Statement by the Delegation of the United States to the
Conference on Disarmament
Director, Office of Nuclear Affairs
The Department of State
February 3, 2011
Thank you Mr. President.
I welcome the opportunity afforded to this delegation and other delegations to address the issue of the conclusion of a Fissile Material Cutoff Treaty (FMCT) a vital objective which has been repeatedly endorsed by the international community.
We have spoken many times about why an FMCT is important, as have others in this body, but I think there is value in saying so again.
A Fissile Material Cutoff Treaty would place limits on the amount of fissile material available for use in nuclear weapons or other nuclear explosive devices. It would achieve this by banning the further production of fissile material for those purposes from the date of its entry into force. Such a limitation serves our shared disarmament and nonproliferation goals. It has long been recognized as an essential step toward a world without nuclear weapons.
The need for an FMCT has been emphasized by multiple NPT Review Conferences, most recently this past May, and it was a central point in President Obama’s April 2009 Prague speech.
We must remember that FMCT is one step on a long path and it should focus on the principal objective of ceasing the future production of fissile material for use in nuclear weapons and other nuclear explosive devices. This is an essential and achievable step, and one that all states in this room can contribute to. The United States has taken many steps down this path, both on its own and together with Russia and others. It is unfortunate and frustrating that we have been unable to take the key multilateral step of capping weapons stockpiles. Such a cap is needed if we are to provide a firm foundation for deeper nuclear reductions.
In formulating our positions on the substance of the treaty, our goal is a non-discriminatory treaty that halts the production of fissile material for weapons, and is internationally verified.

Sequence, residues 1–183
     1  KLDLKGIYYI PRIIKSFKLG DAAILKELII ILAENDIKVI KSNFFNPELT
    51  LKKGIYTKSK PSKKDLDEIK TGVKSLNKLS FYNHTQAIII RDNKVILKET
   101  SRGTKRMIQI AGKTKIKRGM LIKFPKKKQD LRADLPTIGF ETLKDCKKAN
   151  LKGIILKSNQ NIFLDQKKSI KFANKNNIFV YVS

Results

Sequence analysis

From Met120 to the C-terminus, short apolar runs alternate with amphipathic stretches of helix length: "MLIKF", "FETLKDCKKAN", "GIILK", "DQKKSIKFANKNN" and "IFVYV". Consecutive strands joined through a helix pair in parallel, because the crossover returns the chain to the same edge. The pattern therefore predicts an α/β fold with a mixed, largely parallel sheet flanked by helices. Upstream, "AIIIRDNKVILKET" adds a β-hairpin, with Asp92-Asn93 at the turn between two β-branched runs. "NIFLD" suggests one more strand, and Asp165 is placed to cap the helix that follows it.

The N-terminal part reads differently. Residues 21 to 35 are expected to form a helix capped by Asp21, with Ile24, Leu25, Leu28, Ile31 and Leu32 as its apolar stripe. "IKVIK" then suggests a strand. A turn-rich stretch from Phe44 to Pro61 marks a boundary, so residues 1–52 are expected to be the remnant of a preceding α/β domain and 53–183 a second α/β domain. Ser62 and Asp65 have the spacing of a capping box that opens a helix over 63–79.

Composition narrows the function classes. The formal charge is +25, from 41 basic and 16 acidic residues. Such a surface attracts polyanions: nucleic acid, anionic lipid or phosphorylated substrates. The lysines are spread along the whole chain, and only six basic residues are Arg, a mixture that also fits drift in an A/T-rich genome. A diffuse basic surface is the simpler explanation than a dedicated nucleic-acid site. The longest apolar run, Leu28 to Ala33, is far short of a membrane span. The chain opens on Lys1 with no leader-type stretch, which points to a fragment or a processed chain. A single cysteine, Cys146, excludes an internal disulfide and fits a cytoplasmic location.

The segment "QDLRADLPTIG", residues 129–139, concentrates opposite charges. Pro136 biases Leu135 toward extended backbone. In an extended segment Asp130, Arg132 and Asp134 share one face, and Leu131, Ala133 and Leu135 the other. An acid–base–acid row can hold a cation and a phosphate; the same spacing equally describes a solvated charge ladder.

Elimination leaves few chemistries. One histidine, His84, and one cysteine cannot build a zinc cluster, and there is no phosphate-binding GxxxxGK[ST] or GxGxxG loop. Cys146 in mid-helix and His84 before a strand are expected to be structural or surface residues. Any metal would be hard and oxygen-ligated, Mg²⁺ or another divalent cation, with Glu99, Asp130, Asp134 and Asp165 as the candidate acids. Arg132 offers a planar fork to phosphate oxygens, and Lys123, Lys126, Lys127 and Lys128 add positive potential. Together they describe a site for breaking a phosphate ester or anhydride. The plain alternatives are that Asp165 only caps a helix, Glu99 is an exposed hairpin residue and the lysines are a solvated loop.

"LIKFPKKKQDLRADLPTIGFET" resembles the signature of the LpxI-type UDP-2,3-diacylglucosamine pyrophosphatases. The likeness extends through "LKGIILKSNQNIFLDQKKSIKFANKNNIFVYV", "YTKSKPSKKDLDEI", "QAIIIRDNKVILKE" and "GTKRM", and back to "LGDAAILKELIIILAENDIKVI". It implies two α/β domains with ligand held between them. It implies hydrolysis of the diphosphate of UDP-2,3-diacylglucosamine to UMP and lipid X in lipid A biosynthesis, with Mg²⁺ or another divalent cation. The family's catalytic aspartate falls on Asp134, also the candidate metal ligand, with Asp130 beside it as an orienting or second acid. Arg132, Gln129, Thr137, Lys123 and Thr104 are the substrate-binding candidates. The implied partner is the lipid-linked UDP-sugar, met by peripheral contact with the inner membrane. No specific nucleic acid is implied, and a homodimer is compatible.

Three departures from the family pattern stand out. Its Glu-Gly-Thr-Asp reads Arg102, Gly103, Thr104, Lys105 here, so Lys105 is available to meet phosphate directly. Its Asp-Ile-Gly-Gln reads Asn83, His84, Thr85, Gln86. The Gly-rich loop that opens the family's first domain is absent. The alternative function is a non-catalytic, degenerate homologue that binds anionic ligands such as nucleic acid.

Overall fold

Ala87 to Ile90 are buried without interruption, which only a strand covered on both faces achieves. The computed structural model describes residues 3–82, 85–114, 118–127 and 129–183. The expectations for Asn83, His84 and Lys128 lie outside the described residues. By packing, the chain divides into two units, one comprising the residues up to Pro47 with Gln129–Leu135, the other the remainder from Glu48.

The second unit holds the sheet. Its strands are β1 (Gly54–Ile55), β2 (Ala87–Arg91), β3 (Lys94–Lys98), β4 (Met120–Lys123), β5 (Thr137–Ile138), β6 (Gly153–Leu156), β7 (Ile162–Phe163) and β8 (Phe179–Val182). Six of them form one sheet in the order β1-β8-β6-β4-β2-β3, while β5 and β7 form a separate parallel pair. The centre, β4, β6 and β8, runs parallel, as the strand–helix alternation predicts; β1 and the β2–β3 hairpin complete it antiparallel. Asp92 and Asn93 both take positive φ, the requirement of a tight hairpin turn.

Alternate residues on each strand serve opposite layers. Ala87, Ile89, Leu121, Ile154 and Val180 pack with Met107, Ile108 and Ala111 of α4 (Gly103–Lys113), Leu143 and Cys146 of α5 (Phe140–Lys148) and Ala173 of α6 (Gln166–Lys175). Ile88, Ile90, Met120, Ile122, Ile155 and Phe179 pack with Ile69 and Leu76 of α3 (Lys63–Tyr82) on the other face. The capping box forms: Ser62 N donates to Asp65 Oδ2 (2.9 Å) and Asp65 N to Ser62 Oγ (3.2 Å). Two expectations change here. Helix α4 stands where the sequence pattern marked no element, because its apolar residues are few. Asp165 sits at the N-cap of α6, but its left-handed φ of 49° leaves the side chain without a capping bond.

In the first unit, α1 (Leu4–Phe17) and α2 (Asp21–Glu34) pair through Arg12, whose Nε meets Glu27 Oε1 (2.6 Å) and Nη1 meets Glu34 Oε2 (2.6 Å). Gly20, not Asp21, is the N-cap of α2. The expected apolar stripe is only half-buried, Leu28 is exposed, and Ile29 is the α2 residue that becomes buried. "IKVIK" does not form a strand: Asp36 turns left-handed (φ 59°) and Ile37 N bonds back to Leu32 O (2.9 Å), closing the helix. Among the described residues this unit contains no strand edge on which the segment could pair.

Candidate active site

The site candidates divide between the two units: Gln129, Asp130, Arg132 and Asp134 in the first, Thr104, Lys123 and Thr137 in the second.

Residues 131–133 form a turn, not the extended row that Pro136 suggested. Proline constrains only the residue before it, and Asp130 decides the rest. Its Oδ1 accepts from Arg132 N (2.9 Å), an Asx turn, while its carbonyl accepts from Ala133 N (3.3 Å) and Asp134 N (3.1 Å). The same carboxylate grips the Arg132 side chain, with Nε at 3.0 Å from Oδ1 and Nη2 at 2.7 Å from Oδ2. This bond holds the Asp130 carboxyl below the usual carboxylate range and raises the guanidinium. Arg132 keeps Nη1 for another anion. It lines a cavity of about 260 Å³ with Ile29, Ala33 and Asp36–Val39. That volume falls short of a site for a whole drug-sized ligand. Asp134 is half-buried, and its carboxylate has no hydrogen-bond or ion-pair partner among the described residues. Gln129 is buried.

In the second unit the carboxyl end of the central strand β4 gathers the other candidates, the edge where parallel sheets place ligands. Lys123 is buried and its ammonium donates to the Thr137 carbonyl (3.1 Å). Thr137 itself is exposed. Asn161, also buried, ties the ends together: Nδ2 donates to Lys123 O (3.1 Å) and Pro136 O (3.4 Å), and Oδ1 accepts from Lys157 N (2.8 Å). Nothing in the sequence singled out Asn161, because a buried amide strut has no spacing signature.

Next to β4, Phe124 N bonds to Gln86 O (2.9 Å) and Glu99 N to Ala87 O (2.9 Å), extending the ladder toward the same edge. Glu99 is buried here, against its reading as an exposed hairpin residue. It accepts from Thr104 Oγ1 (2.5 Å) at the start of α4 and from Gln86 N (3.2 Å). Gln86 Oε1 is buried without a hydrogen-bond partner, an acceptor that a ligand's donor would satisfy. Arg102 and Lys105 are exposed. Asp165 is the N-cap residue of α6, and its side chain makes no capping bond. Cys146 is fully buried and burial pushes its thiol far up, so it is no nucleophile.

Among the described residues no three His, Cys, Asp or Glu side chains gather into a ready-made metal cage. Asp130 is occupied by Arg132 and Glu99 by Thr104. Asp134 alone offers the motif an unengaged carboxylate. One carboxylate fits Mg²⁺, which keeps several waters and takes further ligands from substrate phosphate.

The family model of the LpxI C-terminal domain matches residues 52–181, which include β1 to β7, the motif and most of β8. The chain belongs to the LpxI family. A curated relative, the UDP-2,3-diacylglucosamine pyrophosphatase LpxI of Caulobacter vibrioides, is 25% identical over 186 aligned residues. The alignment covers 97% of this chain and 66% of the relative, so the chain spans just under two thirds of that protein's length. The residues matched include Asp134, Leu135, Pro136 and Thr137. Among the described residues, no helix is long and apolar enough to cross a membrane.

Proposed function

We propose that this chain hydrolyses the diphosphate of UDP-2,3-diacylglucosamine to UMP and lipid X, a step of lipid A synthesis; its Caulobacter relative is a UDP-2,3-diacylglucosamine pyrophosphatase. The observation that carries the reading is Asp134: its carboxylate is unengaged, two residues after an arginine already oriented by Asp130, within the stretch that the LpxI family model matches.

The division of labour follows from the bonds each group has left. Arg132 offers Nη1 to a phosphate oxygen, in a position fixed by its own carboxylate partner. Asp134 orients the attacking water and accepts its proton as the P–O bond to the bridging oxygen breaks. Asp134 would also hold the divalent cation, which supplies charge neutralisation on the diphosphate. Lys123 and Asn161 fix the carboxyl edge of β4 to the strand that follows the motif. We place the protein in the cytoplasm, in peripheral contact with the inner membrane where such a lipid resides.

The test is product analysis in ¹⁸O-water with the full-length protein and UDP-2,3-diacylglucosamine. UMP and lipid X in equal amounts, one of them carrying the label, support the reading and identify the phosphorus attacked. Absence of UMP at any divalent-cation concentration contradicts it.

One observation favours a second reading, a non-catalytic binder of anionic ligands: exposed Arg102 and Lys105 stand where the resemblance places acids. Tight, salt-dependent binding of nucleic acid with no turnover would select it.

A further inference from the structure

There is broad agreement on the principle that there should be a treaty banning the production of fissile material for use in nuclear weapons and other nuclear explosive devices. Negotiations are for the purpose of coming to agreement on how it will work in practice.
Pending the start of negotiations, there is useful work to be done to prepare the ground here in Geneva. We are eager to work with all CD members to have meaningful discussions of the technical issues of an FMCT for the purpose of advancing the CD toward negotiations.
Our experts are prepared to participate in these discussions, either in formal CD plenary or in meetings on the margins of the CD.
Even if this body is not yet prepared to begin formal negotiations, there is great value in holding in-depth discussions of technical issues related to an FMCT. At this point, for example, there are significant differences over how to define “fissile material.” There are some who favor a narrow definition of weapons-grade plutonium and uranium; while others, the United States among them, who favor a definition that covers weapons-usable forms of plutonium and uranium and which corresponds to the IAEA definition of direct use material; and still others who favor yet more expansive definitions.
An FMCT must also recognize that there are legitimate civilian and military uses for fissile materials other than nuclear weapons or nuclear explosives devices.